My safe instinct is to take the deal and look for a lateral move within the company as soon as possible, but I have no idea how likely or quickly this could happen.
posted by rhizome at 2:28 PM on February 6, 2007

It depends on your other background. If this is your first experience in the field I would take the deal. If you have a few years of whatever industry you are in find another job. I wouldn't advise threatening to leave for a higher salary unless you really are leaving.

Does the new company offer better benefits, bonuses, etc??
posted by bsexton at 2:32 PM on February 6, 2007

I don't know that you have much of a choice but to go along. It's probably better for you to have a job than not, right?

On the other hand, it sounds like they are working you to death with little pay. I think you should insist on getting overtime pay for your extra hours or not work them. I would have that conversation with HR and then refer your boss to them.

By the way, do you have a written promise of a pay raise from your boss? If that's the case, consider legal action, because that can be considered a contract.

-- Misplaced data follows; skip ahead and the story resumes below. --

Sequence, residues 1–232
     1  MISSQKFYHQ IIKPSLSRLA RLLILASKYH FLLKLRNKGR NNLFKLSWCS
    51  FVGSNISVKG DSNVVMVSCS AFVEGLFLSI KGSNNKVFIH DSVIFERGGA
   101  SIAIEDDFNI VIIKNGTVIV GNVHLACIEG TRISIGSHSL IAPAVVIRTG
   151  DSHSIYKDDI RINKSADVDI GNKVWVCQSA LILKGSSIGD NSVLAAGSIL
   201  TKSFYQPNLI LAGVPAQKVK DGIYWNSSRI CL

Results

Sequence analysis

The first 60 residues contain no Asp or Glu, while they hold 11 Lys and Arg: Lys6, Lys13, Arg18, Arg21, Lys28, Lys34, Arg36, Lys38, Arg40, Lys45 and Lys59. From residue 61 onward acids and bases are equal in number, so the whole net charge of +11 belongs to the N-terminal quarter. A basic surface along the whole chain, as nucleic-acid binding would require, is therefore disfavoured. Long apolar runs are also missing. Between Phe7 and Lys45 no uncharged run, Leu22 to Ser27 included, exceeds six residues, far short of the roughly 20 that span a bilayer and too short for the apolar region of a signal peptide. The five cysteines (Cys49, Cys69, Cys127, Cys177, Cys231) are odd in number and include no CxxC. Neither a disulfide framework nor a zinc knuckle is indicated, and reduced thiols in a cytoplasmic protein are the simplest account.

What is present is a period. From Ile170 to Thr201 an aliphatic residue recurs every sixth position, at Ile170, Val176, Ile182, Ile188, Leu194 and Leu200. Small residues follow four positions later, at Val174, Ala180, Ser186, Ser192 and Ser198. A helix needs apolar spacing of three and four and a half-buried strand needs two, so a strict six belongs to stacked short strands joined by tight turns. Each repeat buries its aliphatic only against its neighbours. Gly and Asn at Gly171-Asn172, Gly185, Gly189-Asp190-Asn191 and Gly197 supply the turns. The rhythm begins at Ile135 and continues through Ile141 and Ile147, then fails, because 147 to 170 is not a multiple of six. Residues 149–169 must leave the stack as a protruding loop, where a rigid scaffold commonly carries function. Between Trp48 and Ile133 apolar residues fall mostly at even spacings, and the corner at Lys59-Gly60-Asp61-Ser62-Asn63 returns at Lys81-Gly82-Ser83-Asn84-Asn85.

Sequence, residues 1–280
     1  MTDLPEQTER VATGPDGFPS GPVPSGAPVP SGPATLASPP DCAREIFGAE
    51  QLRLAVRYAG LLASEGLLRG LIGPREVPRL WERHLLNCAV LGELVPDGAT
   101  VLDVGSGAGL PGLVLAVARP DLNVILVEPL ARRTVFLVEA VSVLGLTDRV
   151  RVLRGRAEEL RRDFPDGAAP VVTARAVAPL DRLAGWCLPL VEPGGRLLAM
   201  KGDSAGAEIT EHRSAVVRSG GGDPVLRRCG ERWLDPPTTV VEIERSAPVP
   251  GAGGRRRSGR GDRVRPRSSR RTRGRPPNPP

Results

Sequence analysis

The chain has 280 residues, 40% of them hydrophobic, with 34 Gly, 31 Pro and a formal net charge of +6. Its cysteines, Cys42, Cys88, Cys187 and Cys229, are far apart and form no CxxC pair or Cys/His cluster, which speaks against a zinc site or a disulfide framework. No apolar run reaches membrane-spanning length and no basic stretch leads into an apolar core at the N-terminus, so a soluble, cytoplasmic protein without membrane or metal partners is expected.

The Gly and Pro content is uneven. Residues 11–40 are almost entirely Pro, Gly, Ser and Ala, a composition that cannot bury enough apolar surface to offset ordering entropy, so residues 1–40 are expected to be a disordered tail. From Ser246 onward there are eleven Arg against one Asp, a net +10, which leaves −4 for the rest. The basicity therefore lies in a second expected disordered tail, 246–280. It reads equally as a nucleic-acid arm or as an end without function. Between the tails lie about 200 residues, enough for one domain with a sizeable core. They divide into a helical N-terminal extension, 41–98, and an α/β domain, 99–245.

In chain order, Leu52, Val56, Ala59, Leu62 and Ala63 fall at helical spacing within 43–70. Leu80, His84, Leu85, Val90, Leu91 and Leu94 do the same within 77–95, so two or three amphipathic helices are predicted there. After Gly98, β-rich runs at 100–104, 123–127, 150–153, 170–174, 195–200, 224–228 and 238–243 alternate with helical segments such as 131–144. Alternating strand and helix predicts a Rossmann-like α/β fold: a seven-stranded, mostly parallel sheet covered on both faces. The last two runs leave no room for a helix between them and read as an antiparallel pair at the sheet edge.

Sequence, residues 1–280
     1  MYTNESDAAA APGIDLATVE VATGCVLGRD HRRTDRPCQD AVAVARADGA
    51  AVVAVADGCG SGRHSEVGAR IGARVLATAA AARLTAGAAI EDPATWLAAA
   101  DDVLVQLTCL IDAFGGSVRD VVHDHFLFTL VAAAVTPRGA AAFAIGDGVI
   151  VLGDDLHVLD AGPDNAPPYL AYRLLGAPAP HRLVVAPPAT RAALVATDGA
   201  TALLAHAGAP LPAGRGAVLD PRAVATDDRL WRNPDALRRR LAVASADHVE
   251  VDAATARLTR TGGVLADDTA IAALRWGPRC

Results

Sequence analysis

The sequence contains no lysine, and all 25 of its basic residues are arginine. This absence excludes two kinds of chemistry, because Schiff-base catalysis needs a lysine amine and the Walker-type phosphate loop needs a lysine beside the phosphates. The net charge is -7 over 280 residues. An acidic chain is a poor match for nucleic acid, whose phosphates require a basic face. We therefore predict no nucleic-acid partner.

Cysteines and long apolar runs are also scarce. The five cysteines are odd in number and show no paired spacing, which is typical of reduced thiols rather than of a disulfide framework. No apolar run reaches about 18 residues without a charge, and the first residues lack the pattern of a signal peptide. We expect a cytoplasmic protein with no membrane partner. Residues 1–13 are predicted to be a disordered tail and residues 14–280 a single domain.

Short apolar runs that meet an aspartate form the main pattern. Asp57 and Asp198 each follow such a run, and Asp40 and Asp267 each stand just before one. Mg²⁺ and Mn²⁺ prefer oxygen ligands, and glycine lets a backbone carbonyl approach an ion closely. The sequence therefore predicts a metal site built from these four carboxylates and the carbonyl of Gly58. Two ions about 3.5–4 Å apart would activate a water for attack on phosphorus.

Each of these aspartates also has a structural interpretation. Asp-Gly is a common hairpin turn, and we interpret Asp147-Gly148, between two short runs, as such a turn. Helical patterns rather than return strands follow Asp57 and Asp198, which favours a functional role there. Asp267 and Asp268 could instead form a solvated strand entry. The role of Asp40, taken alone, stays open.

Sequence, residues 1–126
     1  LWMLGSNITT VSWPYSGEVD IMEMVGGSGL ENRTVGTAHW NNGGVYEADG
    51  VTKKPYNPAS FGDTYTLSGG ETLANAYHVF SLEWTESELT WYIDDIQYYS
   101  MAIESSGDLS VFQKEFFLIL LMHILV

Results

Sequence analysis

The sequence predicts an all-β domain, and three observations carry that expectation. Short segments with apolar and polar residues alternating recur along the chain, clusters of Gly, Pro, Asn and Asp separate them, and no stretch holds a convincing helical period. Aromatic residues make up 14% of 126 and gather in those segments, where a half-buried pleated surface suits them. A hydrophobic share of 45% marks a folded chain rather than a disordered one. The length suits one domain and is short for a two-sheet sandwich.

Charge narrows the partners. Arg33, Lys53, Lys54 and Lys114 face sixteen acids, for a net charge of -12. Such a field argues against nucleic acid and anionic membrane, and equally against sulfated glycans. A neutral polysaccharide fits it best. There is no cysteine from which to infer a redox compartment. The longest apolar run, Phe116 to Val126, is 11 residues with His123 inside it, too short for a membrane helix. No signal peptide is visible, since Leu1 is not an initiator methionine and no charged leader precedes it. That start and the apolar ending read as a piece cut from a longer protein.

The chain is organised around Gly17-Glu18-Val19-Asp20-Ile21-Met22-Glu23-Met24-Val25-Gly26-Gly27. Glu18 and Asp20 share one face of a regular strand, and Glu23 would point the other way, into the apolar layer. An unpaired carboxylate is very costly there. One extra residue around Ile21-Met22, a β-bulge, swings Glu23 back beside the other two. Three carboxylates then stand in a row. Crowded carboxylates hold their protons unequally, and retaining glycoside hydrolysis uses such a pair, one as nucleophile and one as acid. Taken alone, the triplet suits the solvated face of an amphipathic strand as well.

posted by xammerboy at 2:32 PM on February 6, 2007

Do you have anything in writing saying that your salary would be reviewed? If so, that's something you can use to negotiate with your new employer - no guarantees, but usually when large companies take over small ones it's because of their niche experience, in which case it's in their interests to keep the transferring employees happy.

Instead of talking to your current boss, talk to HR in the new company. They're the only ones that can make things happen. Yeah, sounds like your boss shafted you but there's no point focussing on that now, focus on the future.

You also mention "great benefits" and you sound quite positive about the new company. You need to weigh that up against the salary and the extended commute - is it going to further your career and be worthwhile staying for 6 months to get additional experience and a wellknown company on your CV? All worth thinking about...

And in any case, get in touch with that recruiter! It's always a good thing to keep up with what else is out there and what your current market value is.
posted by finding.perdita at 2:42 PM on February 6, 2007

I've been through both sides of this equation.